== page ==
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St. Blasius Church - Dubrovnik

St BlasiusSt. Blasius (Vlaho - Croatian) has been revered in Dubrovnik as the patron saint for a long time. According legend in the year 971, on the night of 2nd to 3rd February Venetian ships anchored in front of Dubrovnik under pretense of taking up water and provision before proceeding further east. A priest named Stojko walked up to the church of St Stephen (Stjepan - Croatian) on Pustijerna (a part of the City) that night. He found that the doors of the church had been left wide open. In the church he stumbled upon a gray old man with a battalion of heavenly forces. The old man told him to warn the City council that the Venetians are planning to attack the City, and that he was pushing them away of the City for several nights now. When Stojko had asked him who he was, the old man replied that he was Vlaho (Blasius). Later Stojko had alarmed the City of the Venetian threat and as the Venetians saw that the doors of the City had been closed and that the walls were manned, they heaved up their anchors and abandoned their plans of the surprise attack on the City. Since that day St. Blasius became the patron saint of Dubrovnik.

Through the centuries St Blasius presented an inspiration to the large number of artists who painted and sculptured his image. Hundreds of statues of St. Blasius can be found throughout the City. On every corner of Dubrovnik City walls you will notice a statue of St. Blasius, embedded in the walls, watchfully starring to the distance anticipating hostile intents, protecting the City on his watch.

St. Blasius could be singled out as the most used motif in arts in Dubrovnik. Since the year 972 a celebration in the honour of St. Blasius is held in the City. This tradition is still alive today as every February the 3rd Dubrovnik welcomes thousands of visitors to participate in the celebration of the patron day in the Festival od St. Blasius.

In the honour of the patron saint, the Church of St. Blasius was erected in the City.

The present day church of St. Blasius was constructed by Venetian architect Marino Gropelli in in 1715 on the commission by the city authorities. The church was built on the place of an old Romanesque church from 1368 that was significantly damaged in the Great earthquake of 1667 and finally destroyed in the fire that struck it in 1706.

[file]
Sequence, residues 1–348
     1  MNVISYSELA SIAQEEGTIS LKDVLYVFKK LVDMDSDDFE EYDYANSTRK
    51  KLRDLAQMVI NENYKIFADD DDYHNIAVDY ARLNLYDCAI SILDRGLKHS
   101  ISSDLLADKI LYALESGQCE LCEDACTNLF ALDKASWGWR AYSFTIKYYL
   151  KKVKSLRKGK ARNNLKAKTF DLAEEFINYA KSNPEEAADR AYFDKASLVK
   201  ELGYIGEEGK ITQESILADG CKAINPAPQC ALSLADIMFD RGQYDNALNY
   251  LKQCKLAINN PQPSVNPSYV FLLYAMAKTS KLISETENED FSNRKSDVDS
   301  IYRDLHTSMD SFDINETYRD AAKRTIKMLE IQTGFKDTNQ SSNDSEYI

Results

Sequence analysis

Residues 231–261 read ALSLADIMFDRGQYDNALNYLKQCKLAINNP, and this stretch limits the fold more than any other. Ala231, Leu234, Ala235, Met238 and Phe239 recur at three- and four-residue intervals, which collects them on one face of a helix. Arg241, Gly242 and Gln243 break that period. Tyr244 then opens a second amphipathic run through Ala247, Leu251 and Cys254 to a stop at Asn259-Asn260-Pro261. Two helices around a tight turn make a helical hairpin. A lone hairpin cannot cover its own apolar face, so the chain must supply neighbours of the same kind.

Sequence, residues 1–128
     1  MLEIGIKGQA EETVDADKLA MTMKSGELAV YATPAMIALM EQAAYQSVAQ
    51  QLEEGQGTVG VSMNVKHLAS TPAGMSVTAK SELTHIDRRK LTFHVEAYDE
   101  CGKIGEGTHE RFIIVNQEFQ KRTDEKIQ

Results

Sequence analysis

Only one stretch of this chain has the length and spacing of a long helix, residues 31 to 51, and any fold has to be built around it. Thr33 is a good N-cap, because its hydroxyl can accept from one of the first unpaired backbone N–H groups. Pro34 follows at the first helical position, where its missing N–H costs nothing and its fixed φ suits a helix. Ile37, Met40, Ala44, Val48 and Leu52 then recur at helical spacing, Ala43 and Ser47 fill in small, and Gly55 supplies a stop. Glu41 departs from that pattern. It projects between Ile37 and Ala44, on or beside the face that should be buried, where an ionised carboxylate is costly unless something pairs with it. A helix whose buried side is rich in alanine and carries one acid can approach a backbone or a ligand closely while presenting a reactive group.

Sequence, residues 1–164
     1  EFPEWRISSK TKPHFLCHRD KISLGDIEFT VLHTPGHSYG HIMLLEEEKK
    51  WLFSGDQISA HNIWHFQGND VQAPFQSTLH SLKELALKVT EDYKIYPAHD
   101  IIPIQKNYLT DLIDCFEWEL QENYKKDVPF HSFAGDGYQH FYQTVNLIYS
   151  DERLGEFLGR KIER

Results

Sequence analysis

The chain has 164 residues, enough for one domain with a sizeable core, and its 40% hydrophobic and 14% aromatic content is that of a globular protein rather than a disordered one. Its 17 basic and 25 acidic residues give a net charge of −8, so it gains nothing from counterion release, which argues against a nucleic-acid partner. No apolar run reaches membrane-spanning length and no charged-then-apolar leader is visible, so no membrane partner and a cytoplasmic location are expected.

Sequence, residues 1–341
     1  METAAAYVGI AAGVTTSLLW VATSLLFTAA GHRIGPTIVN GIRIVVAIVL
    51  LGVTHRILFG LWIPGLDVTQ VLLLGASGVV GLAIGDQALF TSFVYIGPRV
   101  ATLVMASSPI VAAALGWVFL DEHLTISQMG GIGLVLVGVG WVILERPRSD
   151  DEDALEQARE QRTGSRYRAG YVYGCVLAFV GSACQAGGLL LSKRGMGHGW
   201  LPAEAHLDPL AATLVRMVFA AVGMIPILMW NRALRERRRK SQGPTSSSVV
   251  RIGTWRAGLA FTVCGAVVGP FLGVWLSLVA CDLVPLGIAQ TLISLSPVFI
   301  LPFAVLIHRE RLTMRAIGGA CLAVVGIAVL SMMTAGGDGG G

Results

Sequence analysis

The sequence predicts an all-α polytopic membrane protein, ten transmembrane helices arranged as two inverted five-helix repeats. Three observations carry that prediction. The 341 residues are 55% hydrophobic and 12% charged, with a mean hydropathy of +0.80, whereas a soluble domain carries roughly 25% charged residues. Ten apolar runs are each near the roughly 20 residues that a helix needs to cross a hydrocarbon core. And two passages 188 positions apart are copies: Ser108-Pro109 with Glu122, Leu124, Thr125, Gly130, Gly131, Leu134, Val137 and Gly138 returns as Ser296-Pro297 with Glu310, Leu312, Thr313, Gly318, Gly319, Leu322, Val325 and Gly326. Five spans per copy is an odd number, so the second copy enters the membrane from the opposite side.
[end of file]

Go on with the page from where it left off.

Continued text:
St Blasius Church in DubrovnikThe new Church of St Blasius was built in Baroque style according to the prototype of St. Mauritius church in Venice. A large staircase leads to the ornamented main portal and a large dome decorates the roof of the church. The interior of the church is furnished in great detail, and the marble altars are particularly impressive. The centre piece of the main altar is a gothic statue of St. Blasius in gold-plated silver from the 15th century that holds in his hand a model of the City as it looked before the earthquake. The statue is a work of an unknown artist of Dubrovnik gild school and it is the most valuable work of art in the long history of Dubrovnik. Historically the statue is quite important as the model of Dubrovnik in St Blasius hands distinctly depicts how the buildings before the Great earthquake looked like. It is interesting to notice that the statue, including some other valuables, was undamaged in the great earthquake and later in the fire that destroyed the old church which was interpreted as a sign and a miracle.

Wedding in Dubrovnik - St Blasius ChurchThe other interesting works in the church are the two stone statues (St. Blasius and St. Jerome), works by the Brac sculptor Nikola Lazanic from the end of the 16th century, which are also originally from the old church.

Among many great venues for a wedding in Dubrovnik, St Blasius church is one of the favourite wedding ceremony churches in Dubrovnik. The rich Baroque decoration inside the church provides for the amazing photo shoot and the location of the church amidst Dubrovnik is perfect, befitting even a royal wedding.

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Dubrovnik - Did you Know?

On April 6 1667 Dubrovnik was struck by a devastating earthquake, now known as the Great Earthquake of 1667. More than 5000 citizens died under the ruins of their City. One of the most beautiful and harmonious cities of the Mediterranean vanished in ruins and fires which ravaged what was left of the city for days. The beautiful Romanesque cathedral, the representative Gothic and Renaissance palaces, countless churches and monasteries were turned into an irreparable pile of debris. The shipping in port also suffered casualties. Dubrovnik recovered slowly and with difficulty. The City changed completely. Dubrovnik was rebuilt in a modest Baroque style, houses of the same appearance and design, with compulsory shops on the ground floor. All the representative sacral buildings that had been destroyed were now renewed in the Roman-Baroque style. The Sponza palace alone has preserved its original shape, and partly the front of the Rector's palace. Fortunately, most of the fortifications had withstood the devastating force of the earthquake. The City walls suffered only minor damages. In spite of such radical change in its appearance, Dubrovnik withstood the test of time and remained one of the most beautiful and architecturally most precious urban units in the Mediterranean.

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